In Jane Austen's Emma the eponymous heroine is "handsome, clever, and rich" but she also suffers from arrogance and self-deception. With the good judgement of Mr Knightley, and her own self scrutiny, Emma experiences a movement of psyche, from arrogance and vanity through the humiliation of self knowledge to clarity of judgement and fulfilment in marriage. The tone of the novel and the episodes where Emma is self deceived progresses from the light comedy of Mr Elton's gallantry and the eventual mortification to the sombre depression of Emma's belief that she has ruined her own chances of happiness by bringing Mr Knightley and Harriet together. Although at times the reader is able to laugh at her mistakes, as she moves slowly and uncertainly to self knowledge and maturity, the reader, like Mr Knightley, comes to take her seriously, for in the novel serious moral and social issues are dealt with, issues which directly concern her. While we may be 'put off' by her mistakes, and flights of illogical fancy, these are also the very qualities which endear her to us.
Perhaps the only character in the novel who takes Emma seriously is Mr Knightley. As the moral centre of the book, he has is an exemplar of good judgement and Emma's moral tutor. He has Emma's interests at heart and a genuine concern about her moral development. Not blinded by egotism or vanity, honest in all his dealings with her, Mr Knightley exposes Emma's faults for what they are, and helps to reader to see this. Under his influence, Emma comes to an awareness about her own mistakes and blunders, and finally attains the maturity to be able to find fulfilment in marriage. Though she defies him on many occasions, she has a "sort of habit...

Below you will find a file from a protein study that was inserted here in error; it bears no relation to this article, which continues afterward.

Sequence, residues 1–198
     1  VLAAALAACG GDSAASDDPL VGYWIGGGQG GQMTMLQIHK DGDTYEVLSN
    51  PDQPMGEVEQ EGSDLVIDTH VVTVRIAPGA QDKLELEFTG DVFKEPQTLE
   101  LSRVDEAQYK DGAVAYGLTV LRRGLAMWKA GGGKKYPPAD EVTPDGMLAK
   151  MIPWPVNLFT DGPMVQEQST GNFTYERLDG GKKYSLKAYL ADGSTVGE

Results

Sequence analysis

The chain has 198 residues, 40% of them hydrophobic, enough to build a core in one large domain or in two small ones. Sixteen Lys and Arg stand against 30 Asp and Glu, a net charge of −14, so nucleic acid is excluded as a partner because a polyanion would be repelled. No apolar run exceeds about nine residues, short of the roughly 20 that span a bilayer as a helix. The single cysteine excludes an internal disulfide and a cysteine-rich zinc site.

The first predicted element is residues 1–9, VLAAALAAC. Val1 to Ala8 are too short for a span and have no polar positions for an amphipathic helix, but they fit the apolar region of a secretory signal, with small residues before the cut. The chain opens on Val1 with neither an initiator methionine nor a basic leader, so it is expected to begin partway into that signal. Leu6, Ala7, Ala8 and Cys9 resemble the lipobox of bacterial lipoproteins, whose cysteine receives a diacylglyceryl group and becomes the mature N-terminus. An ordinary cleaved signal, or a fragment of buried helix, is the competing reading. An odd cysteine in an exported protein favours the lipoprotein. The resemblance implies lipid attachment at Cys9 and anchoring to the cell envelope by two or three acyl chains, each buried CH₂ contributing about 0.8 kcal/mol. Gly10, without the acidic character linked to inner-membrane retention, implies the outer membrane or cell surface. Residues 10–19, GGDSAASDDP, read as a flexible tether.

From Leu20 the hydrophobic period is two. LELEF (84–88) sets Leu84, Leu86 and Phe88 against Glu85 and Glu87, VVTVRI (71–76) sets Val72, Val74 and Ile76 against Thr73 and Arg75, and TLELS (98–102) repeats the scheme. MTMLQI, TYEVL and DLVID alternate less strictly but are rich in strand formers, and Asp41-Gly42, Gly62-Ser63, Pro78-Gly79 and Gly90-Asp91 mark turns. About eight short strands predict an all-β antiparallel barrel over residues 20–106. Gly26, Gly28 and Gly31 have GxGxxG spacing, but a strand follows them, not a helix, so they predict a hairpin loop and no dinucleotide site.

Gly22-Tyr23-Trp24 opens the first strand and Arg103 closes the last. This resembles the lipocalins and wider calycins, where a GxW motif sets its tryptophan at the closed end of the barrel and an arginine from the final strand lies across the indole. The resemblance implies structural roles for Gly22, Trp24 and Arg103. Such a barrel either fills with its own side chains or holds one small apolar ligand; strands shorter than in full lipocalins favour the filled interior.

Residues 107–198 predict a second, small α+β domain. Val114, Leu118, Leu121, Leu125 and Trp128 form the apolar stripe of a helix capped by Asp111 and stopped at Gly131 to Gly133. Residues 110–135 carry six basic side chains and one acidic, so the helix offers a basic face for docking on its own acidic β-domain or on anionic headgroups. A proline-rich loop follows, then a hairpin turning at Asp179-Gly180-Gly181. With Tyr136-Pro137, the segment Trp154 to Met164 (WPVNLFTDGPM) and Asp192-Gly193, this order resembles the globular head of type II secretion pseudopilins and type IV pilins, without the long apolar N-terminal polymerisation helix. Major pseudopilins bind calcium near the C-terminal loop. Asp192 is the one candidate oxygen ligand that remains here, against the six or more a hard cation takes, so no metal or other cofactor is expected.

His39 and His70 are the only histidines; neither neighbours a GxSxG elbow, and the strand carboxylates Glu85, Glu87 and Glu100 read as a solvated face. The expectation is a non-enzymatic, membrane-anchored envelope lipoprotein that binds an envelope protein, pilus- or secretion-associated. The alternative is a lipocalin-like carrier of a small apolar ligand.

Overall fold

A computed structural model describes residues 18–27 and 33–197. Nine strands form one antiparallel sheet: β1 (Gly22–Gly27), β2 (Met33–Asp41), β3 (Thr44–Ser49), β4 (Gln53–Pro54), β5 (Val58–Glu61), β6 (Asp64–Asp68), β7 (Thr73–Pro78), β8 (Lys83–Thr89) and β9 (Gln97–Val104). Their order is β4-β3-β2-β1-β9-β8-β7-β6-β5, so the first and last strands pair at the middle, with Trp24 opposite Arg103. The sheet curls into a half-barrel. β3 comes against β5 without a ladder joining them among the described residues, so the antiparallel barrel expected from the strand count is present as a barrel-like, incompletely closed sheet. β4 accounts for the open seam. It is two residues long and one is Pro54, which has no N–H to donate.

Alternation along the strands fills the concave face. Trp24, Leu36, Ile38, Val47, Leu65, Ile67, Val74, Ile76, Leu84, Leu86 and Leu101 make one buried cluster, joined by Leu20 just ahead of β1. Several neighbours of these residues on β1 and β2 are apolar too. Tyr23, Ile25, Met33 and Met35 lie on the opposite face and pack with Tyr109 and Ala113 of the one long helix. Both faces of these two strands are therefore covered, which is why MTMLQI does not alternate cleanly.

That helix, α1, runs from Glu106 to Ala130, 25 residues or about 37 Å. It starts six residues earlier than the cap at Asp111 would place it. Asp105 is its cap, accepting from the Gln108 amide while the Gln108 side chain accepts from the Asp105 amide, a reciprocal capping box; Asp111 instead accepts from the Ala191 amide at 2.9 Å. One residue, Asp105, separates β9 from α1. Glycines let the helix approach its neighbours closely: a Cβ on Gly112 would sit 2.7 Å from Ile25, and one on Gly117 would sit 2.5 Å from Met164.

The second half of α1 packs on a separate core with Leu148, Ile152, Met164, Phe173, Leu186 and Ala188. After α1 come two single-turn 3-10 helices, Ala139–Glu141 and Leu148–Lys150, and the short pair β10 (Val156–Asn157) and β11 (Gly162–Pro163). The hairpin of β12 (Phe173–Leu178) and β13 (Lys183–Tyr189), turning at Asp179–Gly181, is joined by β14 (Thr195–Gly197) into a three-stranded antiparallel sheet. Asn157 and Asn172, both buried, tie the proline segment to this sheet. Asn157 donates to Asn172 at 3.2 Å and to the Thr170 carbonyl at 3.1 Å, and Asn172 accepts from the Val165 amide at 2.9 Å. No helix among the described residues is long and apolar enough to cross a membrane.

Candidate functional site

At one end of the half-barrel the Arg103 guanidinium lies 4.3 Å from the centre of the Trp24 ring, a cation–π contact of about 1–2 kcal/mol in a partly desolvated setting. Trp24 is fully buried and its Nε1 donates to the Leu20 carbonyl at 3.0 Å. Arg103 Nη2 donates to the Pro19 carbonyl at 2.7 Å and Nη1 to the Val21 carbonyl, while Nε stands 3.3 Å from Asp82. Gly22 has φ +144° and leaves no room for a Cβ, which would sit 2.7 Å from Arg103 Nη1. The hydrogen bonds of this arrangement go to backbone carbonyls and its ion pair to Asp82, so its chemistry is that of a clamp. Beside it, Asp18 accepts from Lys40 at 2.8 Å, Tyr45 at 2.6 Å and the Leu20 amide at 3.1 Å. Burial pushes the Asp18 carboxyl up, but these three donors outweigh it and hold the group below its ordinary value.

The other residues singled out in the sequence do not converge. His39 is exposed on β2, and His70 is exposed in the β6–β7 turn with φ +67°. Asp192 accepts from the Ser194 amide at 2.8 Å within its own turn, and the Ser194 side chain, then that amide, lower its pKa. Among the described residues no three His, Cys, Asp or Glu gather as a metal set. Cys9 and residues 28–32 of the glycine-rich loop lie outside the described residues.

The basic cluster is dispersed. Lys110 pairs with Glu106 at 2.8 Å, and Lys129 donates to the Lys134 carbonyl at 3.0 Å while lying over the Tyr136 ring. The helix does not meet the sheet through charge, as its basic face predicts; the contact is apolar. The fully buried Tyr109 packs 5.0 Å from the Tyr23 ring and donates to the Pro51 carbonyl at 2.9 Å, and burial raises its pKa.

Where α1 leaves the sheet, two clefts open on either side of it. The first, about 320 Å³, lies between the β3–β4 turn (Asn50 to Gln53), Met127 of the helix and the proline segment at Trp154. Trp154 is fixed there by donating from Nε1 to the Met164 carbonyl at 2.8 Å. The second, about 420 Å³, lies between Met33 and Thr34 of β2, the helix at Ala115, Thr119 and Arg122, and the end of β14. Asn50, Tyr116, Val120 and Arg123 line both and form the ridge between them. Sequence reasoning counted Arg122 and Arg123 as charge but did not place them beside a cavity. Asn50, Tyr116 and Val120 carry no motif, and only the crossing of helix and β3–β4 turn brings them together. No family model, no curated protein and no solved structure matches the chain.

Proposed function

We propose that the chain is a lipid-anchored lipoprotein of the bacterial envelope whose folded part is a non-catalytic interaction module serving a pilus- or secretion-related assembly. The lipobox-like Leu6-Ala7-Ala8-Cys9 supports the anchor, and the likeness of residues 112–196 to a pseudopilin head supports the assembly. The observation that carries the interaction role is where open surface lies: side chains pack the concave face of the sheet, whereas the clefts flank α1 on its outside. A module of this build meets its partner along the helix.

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...her mistakes have potentially harmful outcomes. She cannot be taken as a character who can be dismissed, her opinions and actions disregarded. But despite being 'put off' by some of her less becoming attributes, these are the characteristics which make Emma so unique as a heroine and by the end of the novel the readers too, rejoice in the "perfect happiness of the union" between Emma and Mr Knightley.
Works Cited and Consulted
Austen, Jane. Emma. 1972. Norton Critical ed. New York, NY: W.W. Norton & Company,1993
Graham, Peter W. "Emma's Three Sisters" Arizona Quarterly vol 43 no.1 (1987): 39-52
Litz, A. Walton. "Limits of Freedom: Emma" Emma. 1972. Norton Critical ed. New York, NY: W.W. Norton & Company, 1993, 369-377
Spacks, Patricia Meyer. "Women & Boredom: The Two Emmas" Yale Journal of Criticism vol.2 no. 2 (1989): 191-205
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